Happy new book day, everyone! I hope your week is going well. This week, I want to return to my project of viewing real-world figures through the lens of Batman—martial artists, vigilantes, detectives, etc. In this particular entry, I’ll look at Jean-Louis Michel, widely considered to be one of the greatest swordsmen who ever lived.
Jean-Louis Michel (1785-1865) was born in the then French colony of Saint Domingue to a French father and Haitian mother. His father was a soldier and fencing instructor in Napoleon’s army and was renowned as an innovator in the art of French swordsmanship. Jean-Louis took up his father’s fighting style and perfected it, eliminating unnecessary, flashy movements and effectively creating a deadly, minimalist form of fencing.
Following Haiti’s secession from France in 1795, Jean-Louis chose to travel to his father’s homeland for an education, and he later followed his father’s example in joining the French army, ending up in the 32nd Regiment of the 3rd Division. It was during his time in the army that Jean-Louis participated in one of the most impressive displays of his fencing aptitude.
Though the details leading up to it are somewhat cloudy and mired in 18th century sensibilities, it is known that there was some immense falling out between the 1st and 32nd Regiments during some sort of celebration. The only acceptable solution during this time was for a duel to take place, and the involved parties decided that 30 swordsmen (15 from each aggrieved side) would represent the total of 10,000 French soldiers. The rules stated that a combatant could only leave the fight when he had fallen and had to keep facing opponents until he died.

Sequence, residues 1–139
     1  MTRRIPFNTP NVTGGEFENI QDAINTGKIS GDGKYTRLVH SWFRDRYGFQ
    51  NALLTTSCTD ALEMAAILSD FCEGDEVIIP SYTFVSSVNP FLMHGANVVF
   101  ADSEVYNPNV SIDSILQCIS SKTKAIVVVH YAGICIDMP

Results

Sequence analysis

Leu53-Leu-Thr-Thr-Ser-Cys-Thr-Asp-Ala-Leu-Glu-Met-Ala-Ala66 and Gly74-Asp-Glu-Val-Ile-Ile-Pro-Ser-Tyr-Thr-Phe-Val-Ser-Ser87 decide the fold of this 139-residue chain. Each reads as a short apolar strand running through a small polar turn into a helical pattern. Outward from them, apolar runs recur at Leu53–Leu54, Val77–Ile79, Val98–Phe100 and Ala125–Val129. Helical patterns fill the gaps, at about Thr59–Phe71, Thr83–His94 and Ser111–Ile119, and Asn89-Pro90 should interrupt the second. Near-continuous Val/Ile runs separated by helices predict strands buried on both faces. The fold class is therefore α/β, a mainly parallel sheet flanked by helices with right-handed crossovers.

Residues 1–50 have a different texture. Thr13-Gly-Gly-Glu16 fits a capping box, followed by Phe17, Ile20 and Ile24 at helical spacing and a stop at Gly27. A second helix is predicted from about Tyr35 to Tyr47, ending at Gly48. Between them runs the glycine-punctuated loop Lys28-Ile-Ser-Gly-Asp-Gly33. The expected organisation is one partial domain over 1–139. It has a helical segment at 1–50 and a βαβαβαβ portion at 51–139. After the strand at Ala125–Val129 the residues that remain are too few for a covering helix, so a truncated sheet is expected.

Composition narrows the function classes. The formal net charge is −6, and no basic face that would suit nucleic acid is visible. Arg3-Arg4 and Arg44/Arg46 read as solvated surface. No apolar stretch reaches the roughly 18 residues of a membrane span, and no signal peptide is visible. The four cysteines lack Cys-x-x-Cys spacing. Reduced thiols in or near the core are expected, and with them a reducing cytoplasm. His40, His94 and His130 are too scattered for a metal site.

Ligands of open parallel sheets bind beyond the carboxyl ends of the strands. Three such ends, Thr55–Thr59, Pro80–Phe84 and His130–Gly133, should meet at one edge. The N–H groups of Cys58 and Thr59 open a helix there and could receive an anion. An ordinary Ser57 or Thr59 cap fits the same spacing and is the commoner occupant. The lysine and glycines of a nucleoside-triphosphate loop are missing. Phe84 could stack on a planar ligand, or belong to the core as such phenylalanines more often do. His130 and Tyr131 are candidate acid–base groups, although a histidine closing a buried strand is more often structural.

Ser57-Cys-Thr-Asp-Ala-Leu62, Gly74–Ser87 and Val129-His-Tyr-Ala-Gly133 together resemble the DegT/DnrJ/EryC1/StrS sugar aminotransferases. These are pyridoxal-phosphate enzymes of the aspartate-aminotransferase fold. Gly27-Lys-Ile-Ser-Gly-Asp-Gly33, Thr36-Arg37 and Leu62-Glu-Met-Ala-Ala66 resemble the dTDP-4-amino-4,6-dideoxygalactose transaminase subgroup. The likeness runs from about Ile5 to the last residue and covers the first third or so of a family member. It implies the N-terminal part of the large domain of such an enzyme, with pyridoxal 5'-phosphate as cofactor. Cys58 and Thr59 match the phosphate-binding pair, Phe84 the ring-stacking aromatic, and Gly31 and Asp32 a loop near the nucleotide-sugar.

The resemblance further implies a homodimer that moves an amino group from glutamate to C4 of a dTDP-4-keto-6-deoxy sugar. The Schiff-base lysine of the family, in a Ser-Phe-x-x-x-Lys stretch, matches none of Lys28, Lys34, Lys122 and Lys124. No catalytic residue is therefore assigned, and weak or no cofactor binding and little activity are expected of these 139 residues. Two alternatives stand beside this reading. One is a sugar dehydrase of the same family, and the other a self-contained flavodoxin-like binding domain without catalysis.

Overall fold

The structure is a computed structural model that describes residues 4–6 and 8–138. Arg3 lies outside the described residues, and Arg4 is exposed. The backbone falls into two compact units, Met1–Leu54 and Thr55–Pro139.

Jean-Louis Michel stood as the first champion of his regiment, and proved the strength of his sword style by slaying 13 of his 15 possible opponents. At this point, a colonel involved in the duels eventually convinced everyone involved to let go of whatever slights had led them to this moment, citing Jean-Louis’s performance as evidence that the 32nd had nothing left to prove.
While he fought in many more duels before and after this grand display, his slaying of 13 opponents in a reported 40 minutes is perhaps the greatest example of Jean-Louis Michel’s abilities. Much like Imi Lichtenfeld, Jean-Louis eventually retired from army life and opened a school where he instructed pupils in his fencing style for the rest of his life. The school he opened in 1830 still stands today in Montpellier, France, with associated schools all over the world.
What do you think of this historical figure? I couldn’t find very much information on him, but I would like to know more. If you do have more information on Jean-Louis Michel, please do pass it along. That being said, who do you think I should examine next through the Batman lens? I have a few ideas, but I’d like to hear your thoughts. Let me know, and be sure to come back next week to see my decision.
My comic picks for this week:
Batman Eternal #10
Infinity Man and the Forever People #1
Justice League United #2
Deadly Hands of Kung Fu #2
New Avengers #19
Thor: God of Thunder Vol. 2: Godbomb TPB
More summer reading recommendations for superhero fans:
Supergods by Grant Morrison
One of the masters of graphic storytelling lays out his own thoughts on and experiences with the medium, and he also provides a useful and accessible history and body of criticism for it. Don’t pay attention to negative hype; give this one a chance.
The Hero with a Thousand Faces by Joseph Campbell
This is the ur-treatise on the hero. If you want to understand the heroic figure’s appeal and usefulness in any human culture, this book is worth a read.
Newspaper image from the Baltimore Afro American, Nov. 23, 1946
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